Will “Work” and “Life” intertwine more strongly in the future?

Will “Work” and “Life” intertwine more strongly in the future?

As a result of the Corona crisis, work and private life are becoming increasingly intertwined. A strict separation of both worlds is currently hardly possible for many people. But what will things look like after the crisis?

“Home office as a home environment in which one can work in a concentrated and productive manner” – until a few months ago, this description was quite accurate. Within one’s own four walls, it was possible to continue working on projects or to make business phone calls without distraction from colleagues. Of course, this is still the case oftentimes. However, until recently, the possibility of working in the home office was something special and not standardized everywhere. The decision to work at home was based on voluntariness. With the beginning of the Corona crisis, it often became a compulsory measure, and many working people perceive it exactly like that. In the meantime, home office is a great challenge, especially for those who have to combine job, family and household.


The line between private and professional life is becoming increasingly blurred

Many people work more in the home office than in the office because they do not have a real knocking-off time and change of location. Home is no longer just a place to switch off and relax, but now also a workplace. The lines between ‘work’ and ‘life’ are disappearing. In addition, the lack of alternative leisure activities and the (social) isolation increase the temptation to simply continue working. As a result, the balance is increasingly shifting towards the ‘work’ level.

Family and children are among the biggest obstacles in home office

After the morning rituals, which are to be maintained even in these times, we sit down at the desk, do our work, then have a lunch break and continue until the hour mark is met. For many, the separation of business and private life continues to work well. However, those who, due to closed day-care centres and schools, currently have an additional 24/7 job as a mother or father know that the reality looks quite different right now. Between answering emails, phone calls and video conferences, children often need support with their homework and seek the attention of their parents. Consistently working several hours at a time is no longer feasible.

In a recent survey conducted by the survey institute Civey, based in Berlin, among 2,500 professionals who currently have the option to work in a home office, around one-fifth of those surveyed said that disruptions caused by family and children were one of the biggest obstacles they faced. In addition, about one in three also stated that they were less concentrated in the current situation.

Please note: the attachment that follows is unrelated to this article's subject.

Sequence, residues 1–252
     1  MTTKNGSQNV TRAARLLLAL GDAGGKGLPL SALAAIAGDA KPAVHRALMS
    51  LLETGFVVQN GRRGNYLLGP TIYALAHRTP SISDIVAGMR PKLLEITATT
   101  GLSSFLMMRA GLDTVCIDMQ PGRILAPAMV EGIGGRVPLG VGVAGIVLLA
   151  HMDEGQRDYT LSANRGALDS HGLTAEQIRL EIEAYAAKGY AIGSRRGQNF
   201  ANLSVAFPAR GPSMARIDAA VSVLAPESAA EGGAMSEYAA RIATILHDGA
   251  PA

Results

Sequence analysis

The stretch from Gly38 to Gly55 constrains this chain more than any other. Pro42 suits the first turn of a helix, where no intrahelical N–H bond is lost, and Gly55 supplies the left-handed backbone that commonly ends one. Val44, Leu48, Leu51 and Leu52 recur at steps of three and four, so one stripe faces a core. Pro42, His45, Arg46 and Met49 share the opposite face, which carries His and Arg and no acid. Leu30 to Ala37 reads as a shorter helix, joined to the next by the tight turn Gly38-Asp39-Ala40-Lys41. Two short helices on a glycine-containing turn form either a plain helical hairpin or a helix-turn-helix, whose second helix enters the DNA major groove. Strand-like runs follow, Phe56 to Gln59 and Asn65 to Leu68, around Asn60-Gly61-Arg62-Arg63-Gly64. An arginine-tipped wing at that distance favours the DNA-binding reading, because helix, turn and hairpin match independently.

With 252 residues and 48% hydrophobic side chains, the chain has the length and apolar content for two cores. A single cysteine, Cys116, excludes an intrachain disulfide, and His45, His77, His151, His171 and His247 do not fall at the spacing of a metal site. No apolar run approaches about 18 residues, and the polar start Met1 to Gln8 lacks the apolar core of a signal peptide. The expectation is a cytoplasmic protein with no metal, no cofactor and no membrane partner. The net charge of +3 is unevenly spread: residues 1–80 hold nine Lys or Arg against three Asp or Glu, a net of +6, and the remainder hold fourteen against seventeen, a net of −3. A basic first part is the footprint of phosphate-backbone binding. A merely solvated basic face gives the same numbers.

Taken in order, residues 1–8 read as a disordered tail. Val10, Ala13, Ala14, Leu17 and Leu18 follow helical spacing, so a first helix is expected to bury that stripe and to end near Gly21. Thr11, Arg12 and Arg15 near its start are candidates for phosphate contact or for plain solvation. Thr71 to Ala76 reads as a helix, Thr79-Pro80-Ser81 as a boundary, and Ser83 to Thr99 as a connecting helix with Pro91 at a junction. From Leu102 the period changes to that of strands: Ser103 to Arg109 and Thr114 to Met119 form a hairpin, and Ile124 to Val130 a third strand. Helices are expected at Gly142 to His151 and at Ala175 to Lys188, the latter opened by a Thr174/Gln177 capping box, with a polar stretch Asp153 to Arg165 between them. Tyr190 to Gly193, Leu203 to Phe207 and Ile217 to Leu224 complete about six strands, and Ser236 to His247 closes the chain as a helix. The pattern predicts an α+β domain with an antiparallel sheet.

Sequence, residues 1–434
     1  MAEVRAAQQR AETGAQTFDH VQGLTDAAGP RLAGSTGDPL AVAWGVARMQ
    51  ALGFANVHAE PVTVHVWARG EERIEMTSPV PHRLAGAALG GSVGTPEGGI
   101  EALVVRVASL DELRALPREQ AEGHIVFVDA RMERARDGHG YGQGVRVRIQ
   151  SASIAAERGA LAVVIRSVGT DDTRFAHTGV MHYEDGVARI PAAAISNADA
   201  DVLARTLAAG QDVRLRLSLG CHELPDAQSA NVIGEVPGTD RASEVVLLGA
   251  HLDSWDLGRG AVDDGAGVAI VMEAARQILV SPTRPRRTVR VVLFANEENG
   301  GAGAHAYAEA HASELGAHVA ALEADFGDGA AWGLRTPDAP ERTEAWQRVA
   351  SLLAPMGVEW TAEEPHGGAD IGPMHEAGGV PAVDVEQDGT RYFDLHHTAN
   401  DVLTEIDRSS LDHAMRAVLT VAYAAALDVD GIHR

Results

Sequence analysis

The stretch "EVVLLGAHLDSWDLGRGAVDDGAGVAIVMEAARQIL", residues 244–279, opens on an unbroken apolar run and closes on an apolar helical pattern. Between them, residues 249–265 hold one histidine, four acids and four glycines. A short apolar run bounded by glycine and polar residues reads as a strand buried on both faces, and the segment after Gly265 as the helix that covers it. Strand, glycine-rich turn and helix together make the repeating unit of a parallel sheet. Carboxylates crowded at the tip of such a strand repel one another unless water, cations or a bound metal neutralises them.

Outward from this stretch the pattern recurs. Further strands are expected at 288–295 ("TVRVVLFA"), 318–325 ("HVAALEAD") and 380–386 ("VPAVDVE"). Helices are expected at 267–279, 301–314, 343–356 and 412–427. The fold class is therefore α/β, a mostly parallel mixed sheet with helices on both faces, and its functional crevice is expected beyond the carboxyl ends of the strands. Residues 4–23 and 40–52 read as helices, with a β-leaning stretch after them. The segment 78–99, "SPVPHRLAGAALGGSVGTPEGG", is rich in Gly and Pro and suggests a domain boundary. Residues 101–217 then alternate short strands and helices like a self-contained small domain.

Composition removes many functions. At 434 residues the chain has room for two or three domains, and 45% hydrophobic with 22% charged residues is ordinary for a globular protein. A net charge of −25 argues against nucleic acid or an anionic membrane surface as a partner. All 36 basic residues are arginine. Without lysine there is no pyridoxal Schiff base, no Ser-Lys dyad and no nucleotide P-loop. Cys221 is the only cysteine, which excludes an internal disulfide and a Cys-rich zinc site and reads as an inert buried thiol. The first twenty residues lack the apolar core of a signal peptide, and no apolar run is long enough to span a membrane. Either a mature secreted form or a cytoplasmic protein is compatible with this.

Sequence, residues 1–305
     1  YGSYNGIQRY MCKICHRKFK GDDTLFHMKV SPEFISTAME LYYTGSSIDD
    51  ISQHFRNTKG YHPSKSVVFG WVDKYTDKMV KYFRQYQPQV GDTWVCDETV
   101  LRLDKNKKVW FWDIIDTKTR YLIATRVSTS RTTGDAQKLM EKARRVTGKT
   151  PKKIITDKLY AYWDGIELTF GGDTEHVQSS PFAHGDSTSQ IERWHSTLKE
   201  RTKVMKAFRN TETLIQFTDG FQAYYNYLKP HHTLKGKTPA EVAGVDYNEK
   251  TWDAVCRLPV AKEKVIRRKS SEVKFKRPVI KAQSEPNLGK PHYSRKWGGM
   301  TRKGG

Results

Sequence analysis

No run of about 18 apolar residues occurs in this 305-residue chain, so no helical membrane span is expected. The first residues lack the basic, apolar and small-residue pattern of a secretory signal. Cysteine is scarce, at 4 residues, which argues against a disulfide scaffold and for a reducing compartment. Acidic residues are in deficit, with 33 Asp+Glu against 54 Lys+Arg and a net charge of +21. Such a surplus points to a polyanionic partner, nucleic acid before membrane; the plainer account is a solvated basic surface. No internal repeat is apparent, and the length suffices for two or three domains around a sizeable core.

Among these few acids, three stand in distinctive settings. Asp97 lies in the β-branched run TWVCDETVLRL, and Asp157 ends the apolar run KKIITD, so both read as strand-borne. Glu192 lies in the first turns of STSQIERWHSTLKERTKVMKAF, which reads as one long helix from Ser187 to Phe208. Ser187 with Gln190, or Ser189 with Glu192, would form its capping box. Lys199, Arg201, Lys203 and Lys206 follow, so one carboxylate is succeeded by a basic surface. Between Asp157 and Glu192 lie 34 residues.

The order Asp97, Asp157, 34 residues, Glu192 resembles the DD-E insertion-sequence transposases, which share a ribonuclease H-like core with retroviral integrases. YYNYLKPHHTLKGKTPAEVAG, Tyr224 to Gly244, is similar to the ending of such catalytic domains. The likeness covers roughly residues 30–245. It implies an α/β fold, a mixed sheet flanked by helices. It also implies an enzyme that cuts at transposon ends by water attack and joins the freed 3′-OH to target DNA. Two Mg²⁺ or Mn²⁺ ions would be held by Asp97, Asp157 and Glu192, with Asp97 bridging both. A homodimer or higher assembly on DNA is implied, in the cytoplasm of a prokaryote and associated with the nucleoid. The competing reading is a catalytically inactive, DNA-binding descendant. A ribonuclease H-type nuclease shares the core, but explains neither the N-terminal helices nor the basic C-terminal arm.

Blocks in new everyday life are more variable

This new and unusual mixture of both worlds requires creative solutions and flexible models. When and where can work be done? Who looks after the children during this time if necessary? Are there situations that can be used to work undisturbed? Is it possible to distribute the work to marginal times? Many people are currently dealing with these and similar questions. If both parents are working, it is important to coordinate and find a common solution. For only few people it is imaginable that one partner shuts himself off completely and concentrates on work while the other looks after the family and vice versa.

A strict separation of job, family and leisure time is almost impossible for most people in the current situation. Instead, the blocks are becoming more variable: instead of eight hours of work and the rest of the day family and leisure, the day could be structured more like this for example: three to four hours of work, other commitments such as shopping or home schooling, followed by work again and so on. The ‘new everyday life’ is organised around fixed appointments such as online meetings, telephone conferences, doctor’s appointments etc., gaps must be used more intensively. This requires very good planning. Nevertheless, something can always come up in between, which we must react to flexibly and adjust our schedule accordingly.


Work-Life-Balance in the truest sense of the word

If at some point, normality returns to our lives, this more flexible arrangement may be retained. Perhaps the crisis offers the chance to let go of our still rigid structures and to reschedule. The business buzzword ‘work-life balance’ takes on a whole new meaning. The risk is not being able to satisfy all interests at the same time. Neither too much work should be done nor should the private share become too large. Everyone must find the right way to balance work, family and leisure.

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